The Key Question for UM, NCAA, and Rose

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Did the University of Memphis have reason to believe Derrick Rose cheated on his entrance exam and therefore should not have been allowed to play before the start of the 2007-2008 season?

After reading and rereading all of the public documents (big caveat: important facts are redacted or not available) along with hundreds of comments and commentaries on Rose and the NCAA, I think that's the key question as the UM appeal of its penalties runs its course.

And, sorry UM fans, but I think the answer is probably (second caveat, same as above) "yes." Here's why.

Rose was questioned by UM in November, 2007, about his academic record and his entrance tests. UM was responding to allegations raised by the Illinois schools inspector general's office (IG) which was looking into allegations coming out of Rose's high school in Chicago.

That meeting was huge. Its importance and implications must have been clear to every participant. Rose was a superstar recruit, a million-dollar baby. He was also clearly a marginal student and all but certain "one and done" college athlete. It was now or never.

As it has said many times, UM knew Rose had been cleared by the NCAA to play. That means that either Rose or somebody posing as Rose put his name on an SAT test with a "passing" score. But before taking the SAT in Detroit, Rose took the ACT three times in Chicago in 2007, obviously failing to make a score high enough for immediate eligibility. The SAT score is redacted in the public documents, but UM athletic officials and the compliance staff — whose purpose is insuring compliance with the rules — know it. The ACT and SAT are different, but scores can be correlated. A big improvement in a short time is highly unlikely, according to the Educational Testing Service. Also, the IG had someone, who later recanted, saying that Rose had someone take the test for him. The IG nevertheless thought there was something to the allegation and notified UM in October and the Educational Testing Service (ETS) in December 2007.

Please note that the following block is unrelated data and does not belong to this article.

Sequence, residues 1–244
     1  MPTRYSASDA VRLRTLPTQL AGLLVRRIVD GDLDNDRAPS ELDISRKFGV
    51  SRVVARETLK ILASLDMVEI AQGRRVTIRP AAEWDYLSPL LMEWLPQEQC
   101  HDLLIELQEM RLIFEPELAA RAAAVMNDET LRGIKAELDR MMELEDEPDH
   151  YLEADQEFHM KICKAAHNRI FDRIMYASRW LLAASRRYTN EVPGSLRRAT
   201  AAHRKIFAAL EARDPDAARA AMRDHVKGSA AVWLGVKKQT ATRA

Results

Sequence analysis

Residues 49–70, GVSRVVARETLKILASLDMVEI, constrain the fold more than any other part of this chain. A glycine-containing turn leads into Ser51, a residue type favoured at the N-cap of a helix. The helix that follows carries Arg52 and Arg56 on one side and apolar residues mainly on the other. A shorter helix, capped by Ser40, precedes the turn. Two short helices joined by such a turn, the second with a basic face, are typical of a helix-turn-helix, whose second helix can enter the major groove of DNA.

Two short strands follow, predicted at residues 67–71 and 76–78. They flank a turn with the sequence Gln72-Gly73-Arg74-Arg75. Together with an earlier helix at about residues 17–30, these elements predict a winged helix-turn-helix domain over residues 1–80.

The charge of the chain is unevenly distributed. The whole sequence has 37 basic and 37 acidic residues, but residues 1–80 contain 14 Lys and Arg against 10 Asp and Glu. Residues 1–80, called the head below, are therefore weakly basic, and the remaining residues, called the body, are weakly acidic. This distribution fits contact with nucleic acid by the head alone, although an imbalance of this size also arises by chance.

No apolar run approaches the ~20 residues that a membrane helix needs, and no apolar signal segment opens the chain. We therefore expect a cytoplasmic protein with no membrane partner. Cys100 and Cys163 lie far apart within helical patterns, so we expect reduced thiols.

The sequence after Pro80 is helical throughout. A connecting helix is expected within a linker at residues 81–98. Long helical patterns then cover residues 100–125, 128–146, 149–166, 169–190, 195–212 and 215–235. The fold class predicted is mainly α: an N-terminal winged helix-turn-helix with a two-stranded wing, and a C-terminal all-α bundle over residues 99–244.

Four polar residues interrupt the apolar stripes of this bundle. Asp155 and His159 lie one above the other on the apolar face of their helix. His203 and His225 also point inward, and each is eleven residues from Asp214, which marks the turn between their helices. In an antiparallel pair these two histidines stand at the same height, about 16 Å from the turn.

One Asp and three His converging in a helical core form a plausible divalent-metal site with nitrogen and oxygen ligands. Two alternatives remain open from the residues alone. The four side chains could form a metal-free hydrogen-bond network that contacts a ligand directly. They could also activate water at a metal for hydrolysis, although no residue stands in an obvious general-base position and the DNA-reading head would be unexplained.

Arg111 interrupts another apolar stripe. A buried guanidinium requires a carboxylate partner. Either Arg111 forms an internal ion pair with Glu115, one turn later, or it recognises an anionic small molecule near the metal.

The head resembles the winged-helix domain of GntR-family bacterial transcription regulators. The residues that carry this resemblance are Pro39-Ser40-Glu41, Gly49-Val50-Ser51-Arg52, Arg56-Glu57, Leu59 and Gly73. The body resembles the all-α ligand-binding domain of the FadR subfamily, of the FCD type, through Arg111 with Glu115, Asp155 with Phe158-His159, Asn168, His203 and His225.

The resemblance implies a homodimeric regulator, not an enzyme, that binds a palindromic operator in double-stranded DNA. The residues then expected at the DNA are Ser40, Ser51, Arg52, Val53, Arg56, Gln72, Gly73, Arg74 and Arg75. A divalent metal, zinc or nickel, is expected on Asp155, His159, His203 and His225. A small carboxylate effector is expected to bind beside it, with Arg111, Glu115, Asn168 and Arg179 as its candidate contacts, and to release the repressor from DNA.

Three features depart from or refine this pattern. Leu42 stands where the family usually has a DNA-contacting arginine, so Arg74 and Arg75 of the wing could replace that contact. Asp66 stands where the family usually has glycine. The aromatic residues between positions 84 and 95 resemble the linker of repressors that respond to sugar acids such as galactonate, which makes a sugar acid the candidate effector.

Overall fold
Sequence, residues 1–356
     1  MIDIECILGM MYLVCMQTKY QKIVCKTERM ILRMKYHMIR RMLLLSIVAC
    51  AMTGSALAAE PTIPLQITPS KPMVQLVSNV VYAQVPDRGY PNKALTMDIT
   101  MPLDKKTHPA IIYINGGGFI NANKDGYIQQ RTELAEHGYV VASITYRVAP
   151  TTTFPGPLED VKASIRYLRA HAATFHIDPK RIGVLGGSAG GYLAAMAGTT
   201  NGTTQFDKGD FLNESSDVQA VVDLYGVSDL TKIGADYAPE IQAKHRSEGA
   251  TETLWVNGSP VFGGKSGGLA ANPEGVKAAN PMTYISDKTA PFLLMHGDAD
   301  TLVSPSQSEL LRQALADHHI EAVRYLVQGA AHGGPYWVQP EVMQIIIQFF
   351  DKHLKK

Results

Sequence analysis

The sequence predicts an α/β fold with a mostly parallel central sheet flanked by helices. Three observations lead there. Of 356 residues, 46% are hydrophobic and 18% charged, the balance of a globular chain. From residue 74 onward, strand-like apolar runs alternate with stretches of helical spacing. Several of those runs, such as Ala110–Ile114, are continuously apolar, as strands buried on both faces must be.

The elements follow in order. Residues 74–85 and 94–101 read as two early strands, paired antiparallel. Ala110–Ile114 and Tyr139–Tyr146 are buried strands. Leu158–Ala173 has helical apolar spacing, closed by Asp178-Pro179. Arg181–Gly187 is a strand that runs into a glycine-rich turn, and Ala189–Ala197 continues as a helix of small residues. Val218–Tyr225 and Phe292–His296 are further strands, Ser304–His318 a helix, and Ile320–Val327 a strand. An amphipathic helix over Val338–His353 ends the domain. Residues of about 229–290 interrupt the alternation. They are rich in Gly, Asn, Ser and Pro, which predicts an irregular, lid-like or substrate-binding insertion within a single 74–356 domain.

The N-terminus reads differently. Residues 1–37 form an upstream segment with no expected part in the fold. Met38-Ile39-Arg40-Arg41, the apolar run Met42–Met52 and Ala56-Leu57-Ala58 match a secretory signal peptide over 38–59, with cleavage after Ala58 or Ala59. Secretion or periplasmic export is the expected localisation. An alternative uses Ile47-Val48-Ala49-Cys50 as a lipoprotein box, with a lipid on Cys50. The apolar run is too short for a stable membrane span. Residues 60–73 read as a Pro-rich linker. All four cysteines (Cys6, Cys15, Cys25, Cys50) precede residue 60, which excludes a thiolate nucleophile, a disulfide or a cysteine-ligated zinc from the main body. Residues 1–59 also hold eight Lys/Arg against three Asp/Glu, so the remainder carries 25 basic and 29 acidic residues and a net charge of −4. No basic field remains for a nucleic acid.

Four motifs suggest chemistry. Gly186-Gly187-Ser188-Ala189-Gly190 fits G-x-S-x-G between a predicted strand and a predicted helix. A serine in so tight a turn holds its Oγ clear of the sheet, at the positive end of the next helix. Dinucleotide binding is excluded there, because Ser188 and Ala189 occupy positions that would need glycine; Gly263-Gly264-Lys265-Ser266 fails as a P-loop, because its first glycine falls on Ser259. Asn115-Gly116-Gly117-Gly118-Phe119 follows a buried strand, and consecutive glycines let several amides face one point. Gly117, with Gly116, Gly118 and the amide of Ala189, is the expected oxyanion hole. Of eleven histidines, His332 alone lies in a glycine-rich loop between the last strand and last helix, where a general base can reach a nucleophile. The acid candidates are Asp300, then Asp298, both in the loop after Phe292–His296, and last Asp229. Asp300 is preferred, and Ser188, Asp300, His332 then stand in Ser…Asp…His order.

So put yourself in that room. Everyone knows the stakes, and everyone is an expert, one way or another, in the intricacies of collegiate athletics eligibility. Rose's teammate, Robert Dozier, had been admitted after several false starts involving his test scores and eligibility issues. UM asks Rose about a grade change on his high school transcript, and that issue is cleared up to everyone's satisfaction. But there's another allegation about the SAT test in Detroit. Rose is asked if he took his own tests. He says he did.

We don't know the details. Was he asked if he took ALL of his own tests? Or why he took three of them in Chicago and one in Detroit? Or what his scores were and why the improvement fourth time around? Most important, did anyone say something like this: "Derrick, this is a big deal, it's hard for all of us, but you can clear this thing right here and now. That's either your handwriting on the SAT Reasoning Test or someone else's handwriting. These hardass investigators in Illinois say it's possibly someone else's. We hope they're wrong but they wouldn't have brought it our attention if they didn't have strong suspicions and we need to be sure. How about giving us a sample?"

Rose, according to all of the public documents, never did that, not then and not any other time over the next two years to this day, despite being "urged" by UM to cooperate. As a player, he got the star treatment, as did his brother Reggie, whose travel freebies, according to the NCAA, were enough to make Derrick Rose ineligible apart from the test issue.